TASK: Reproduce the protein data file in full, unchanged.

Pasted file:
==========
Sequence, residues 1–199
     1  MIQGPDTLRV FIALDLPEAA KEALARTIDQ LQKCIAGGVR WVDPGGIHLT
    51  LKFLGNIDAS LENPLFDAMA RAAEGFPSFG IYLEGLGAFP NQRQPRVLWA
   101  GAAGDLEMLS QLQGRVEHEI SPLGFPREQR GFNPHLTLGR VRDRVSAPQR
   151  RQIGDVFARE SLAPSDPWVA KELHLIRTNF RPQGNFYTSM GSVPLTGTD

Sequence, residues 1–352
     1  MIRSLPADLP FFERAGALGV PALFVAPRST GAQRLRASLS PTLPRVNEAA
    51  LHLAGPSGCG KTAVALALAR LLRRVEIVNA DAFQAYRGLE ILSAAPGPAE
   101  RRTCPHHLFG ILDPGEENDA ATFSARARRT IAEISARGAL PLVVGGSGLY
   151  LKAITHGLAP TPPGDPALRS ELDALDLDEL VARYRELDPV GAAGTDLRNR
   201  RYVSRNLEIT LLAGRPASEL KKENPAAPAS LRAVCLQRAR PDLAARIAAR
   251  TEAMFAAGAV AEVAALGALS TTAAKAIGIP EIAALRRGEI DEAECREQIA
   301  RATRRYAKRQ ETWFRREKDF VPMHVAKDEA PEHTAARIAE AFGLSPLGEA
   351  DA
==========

Sequence, residues 1–199
     1  MIQGPDTLRV FIALDLPEAA KEALARTIDQ LQKCIAGGVR WVDPGGIHLT
    51  LKFLGNIDAS LENPLFDAMA RAAEGFPSFG IYLEGLGAFP NQRQPRVLWA
   101  GAAGDLEMLS QLQGRVEHEI SPLGFPREQR GFNPHLTLGR VRDRVSAPQR
   151  RQIGDVFARE SLAPSDPWVA KELHLIRTNF RPQGNFYTSM GSVPLTGTD

Sequence, residues 1–352
     1  MIRSLPADLP FFERAGALGV PALFVAPRST GAQRLRASLS PTLPRVNEAA
    51  LHLAGPSGCG KTAVALALAR LLRRVEIVNA DAFQAYRGLE ILSAAPGPAE
   101  RRTCPHHLFG ILDPGEENDA ATFSARARRT IAEISARGAL PLVVGGSGLY
   151  LKAITHGLAP TPPGDPALRS ELDALDLDEL VARYRELDPV GAAGTDLRNR
   201  RYVSRNLEIT LLAGRPASEL KKENPAAPAS LRAVCLQRAR PDLAARIAAR
   251  TEAMFAAGAV AEVAALGALS TTAAKAIGIP EIAALRRGEI DEAECREQIA
   301  RATRRYAKRQ ETWFRREKDF VPMHVAKDEA PEHTAARIAE AFGLSPLGEA
   351  DA